And then sadly there were the two wines that just didn't quite work out in the scheme of things. I'm almost positive the bottle of 2006 Ceago Sauv Blanc from Clear Lake California was a bad bottle. Supposedly it doesn't happen much in screw tops but I've heard really good things from customers and my wine genius boss about this wine. I refuse to believe all these people are drinking vinegar and enjoying it so I will give this one another try and get back to you.
The 2007 Domaine Sauvete Sauvignon de Touraine Oneiros from the Loire Valley might just have been too different from everything else to be enjoyable. We probably should have drank it first with clear palates because it was very French and very typical of the traditional Sauv Blanc with a heavy cat pee nose. It wasn't my favorite but I can see someone who enjoys French whites really getting into it.
Blah, blah, blah. Wine, wine, wine. I know you all just came for the lentil salad so here it goes.
Nigella is amazing and I want to cook everything from her book Forever Summer and am very happy I started out with this lentil and goat cheese divinity. It's simple and oh so delicious. Just make sure to use the Puy lentils as they have the structure to hold up to this salad. My other advise is to use the oil from sun dried tomatoes for the olive oil in the recipe, it added an extra layer of yummy go the recipe and it made sure that oil didn't go to waste which I always feel guilty about. Now I will always know what to do with it.
The hard part is resisting the urge to eat all the marinated goat cheese before you serve this. Not that it would be too much of an issue considering this recipe makes enough to serve a hungry houseful of winos and have enough left over for three people to eat for lunch. It is the gift that keeps giving.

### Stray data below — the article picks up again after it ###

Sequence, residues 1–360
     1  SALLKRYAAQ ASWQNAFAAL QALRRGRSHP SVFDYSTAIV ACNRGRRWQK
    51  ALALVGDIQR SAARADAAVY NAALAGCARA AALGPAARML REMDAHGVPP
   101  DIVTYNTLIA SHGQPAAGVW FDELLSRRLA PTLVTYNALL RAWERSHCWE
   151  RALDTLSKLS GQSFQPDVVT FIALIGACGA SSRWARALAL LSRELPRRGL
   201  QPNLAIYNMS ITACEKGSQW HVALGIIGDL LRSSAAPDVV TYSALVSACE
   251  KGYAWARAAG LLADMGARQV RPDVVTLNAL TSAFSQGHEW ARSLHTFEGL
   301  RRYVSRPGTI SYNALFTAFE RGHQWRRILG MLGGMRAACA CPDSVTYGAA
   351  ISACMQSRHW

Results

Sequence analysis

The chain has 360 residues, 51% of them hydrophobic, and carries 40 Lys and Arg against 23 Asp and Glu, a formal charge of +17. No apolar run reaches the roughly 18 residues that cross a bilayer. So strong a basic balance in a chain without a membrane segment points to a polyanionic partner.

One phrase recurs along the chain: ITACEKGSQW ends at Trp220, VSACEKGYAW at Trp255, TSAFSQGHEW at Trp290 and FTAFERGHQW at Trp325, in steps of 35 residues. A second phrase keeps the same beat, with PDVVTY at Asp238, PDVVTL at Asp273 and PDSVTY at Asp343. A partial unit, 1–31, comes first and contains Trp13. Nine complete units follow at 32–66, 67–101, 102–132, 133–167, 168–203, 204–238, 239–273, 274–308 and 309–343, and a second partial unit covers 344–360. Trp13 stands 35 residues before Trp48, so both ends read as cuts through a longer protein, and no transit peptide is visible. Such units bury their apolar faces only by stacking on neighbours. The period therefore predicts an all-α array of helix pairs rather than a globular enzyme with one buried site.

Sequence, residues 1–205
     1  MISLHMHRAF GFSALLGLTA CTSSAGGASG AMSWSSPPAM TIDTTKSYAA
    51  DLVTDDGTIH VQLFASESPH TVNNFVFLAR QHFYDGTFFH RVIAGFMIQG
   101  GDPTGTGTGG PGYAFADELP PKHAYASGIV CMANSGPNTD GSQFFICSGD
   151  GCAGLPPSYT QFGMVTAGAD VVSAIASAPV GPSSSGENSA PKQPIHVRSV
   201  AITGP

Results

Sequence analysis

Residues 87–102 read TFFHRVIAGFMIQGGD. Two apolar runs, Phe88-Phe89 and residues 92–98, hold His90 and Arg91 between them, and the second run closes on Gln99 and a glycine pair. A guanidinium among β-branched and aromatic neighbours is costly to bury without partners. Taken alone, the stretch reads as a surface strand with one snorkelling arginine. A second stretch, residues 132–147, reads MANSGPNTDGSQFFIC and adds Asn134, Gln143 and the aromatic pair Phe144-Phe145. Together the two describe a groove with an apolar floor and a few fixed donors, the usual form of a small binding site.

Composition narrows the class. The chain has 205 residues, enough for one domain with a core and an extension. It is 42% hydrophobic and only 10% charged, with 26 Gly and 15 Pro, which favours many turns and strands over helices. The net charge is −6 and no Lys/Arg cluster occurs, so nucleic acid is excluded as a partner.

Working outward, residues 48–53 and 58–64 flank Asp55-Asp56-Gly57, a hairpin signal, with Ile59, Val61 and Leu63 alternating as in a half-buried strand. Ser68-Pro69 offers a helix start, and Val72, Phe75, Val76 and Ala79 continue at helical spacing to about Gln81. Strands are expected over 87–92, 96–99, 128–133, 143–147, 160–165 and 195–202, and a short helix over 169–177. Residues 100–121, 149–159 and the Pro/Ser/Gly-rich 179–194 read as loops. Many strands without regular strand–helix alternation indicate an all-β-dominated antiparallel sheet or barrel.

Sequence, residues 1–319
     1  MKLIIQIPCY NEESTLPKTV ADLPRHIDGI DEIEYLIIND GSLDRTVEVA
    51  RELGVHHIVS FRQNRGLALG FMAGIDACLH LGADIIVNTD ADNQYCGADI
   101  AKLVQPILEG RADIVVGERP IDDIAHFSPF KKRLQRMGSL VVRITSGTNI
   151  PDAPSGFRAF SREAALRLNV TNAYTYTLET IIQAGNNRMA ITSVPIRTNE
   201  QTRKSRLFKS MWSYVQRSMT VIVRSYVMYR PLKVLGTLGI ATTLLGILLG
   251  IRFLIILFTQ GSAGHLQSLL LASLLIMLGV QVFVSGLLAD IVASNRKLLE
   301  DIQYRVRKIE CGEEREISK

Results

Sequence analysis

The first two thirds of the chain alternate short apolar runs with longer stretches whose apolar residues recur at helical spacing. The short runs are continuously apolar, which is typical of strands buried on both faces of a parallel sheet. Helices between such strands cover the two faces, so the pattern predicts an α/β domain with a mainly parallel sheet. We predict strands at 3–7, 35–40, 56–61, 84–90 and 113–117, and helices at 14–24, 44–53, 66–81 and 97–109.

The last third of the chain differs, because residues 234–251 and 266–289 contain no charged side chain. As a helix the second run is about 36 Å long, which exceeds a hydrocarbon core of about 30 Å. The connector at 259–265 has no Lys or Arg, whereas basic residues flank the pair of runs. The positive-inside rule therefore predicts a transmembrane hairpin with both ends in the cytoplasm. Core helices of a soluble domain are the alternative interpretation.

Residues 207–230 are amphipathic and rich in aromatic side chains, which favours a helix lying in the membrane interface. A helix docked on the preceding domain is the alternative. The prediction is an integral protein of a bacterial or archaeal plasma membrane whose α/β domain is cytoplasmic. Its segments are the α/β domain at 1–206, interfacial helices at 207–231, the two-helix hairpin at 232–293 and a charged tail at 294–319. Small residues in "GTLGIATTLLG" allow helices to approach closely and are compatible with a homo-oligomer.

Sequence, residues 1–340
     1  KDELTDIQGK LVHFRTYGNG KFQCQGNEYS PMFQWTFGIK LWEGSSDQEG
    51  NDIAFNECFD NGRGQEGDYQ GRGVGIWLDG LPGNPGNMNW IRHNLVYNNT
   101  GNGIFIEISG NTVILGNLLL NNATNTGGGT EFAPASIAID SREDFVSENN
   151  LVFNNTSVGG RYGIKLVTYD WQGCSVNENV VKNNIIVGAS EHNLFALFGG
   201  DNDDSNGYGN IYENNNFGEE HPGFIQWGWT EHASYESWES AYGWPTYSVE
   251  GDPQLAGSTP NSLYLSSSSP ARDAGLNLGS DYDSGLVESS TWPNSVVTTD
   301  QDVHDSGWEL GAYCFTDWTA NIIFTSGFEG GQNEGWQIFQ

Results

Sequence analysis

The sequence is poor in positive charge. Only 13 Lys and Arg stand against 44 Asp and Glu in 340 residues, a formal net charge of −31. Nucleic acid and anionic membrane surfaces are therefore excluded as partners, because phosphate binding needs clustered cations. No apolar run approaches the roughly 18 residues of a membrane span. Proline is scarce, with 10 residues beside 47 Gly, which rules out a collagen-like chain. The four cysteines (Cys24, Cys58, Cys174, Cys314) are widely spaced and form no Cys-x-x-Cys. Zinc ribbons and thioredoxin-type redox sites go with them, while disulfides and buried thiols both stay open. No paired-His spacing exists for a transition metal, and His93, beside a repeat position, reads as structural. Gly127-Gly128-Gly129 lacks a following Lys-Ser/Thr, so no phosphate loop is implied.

As you can see the fella was a big fan. Or maybe it was just the wine. Who knows.
1 10-ounce log goat's cheese
1 lemon, zested and juiced
4 tablespoon olive oil
1 teaspoon dried mint (I omitted this)
3 cups Puy lentils
1 onion, quartered
4 cloves garlic, crushed
1 tablespoon chili oil
4 tablespoons olive oil
12 ounces jarred sweet peppers in oil
bunch fresh mint, chopped (also omitted this)
Crumble the goat's cheese and marinate in half the juice and zest of the lemon, 4 tablespoons olive oil (I used excess oil from a jar of sun dried tomato) and dried mint. Seal in a container and reserve until just before serving.
Put lentils in a large saucepan of water and add onion, garlic cloves and chili oil. Cook for about 25 minutes or until tender then drain. Keep an eye on the lentils so they don't get too soft and don't think of substituting the Puys for another lentil with less character and structural integrity.
Pour 4 tablespoons of olive oil over the warm lentils in a large serving bowl. Season with salt and pepper, then add the remaining half of the lemon juice and zest. Drain the sweet peppers, chop them coarsely and mix them into the lentils. Mix with your hands or very carefully with a wooden spoon making sure not the crush and mangle the lentils.
When the lentils have reached room temperature add the marinated goat's cheese and sprinkle over them with the fresh chopped mint and serve immediately.
Original recipe from Nigella Lawson's Forever Summer cookbook.